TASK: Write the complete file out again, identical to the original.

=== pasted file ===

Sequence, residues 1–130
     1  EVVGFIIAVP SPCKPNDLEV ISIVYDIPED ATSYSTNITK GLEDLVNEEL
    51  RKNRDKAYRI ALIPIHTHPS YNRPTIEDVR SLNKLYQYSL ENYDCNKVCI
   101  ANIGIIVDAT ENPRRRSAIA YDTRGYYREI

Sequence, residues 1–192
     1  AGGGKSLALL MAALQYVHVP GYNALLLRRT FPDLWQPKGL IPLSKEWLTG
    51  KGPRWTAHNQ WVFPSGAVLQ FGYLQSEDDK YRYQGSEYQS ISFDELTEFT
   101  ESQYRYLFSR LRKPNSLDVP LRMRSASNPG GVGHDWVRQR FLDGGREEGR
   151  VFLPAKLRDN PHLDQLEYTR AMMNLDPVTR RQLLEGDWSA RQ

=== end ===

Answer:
Sequence, residues 1–130
     1  EVVGFIIAVP SPCKPNDLEV ISIVYDIPED ATSYSTNITK GLEDLVNEEL
    51  RKNRDKAYRI ALIPIHTHPS YNRPTIEDVR SLNKLYQYSL ENYDCNKVCI
   101  ANIGIIVDAT ENPRRRSAIA YDTRGYYREI

Sequence, residues 1–192
     1  AGGGKSLALL MAALQYVHVP GYNALLLRRT FPDLWQPKGL IPLSKEWLTG
    51  KGPRWTAHNQ WVFPSGAVLQ FGYLQSEDDK YRYQGSEYQS ISFDELTEFT
   101  ESQYRYLFSR LRKPNSLDVP LRMRSASNPG GVGHDWVRQR FLDGGREEGR
   151  VFLPAKLRDN PHLDQLEYTR AMMNLDPVTR RQLLEGDWSA RQ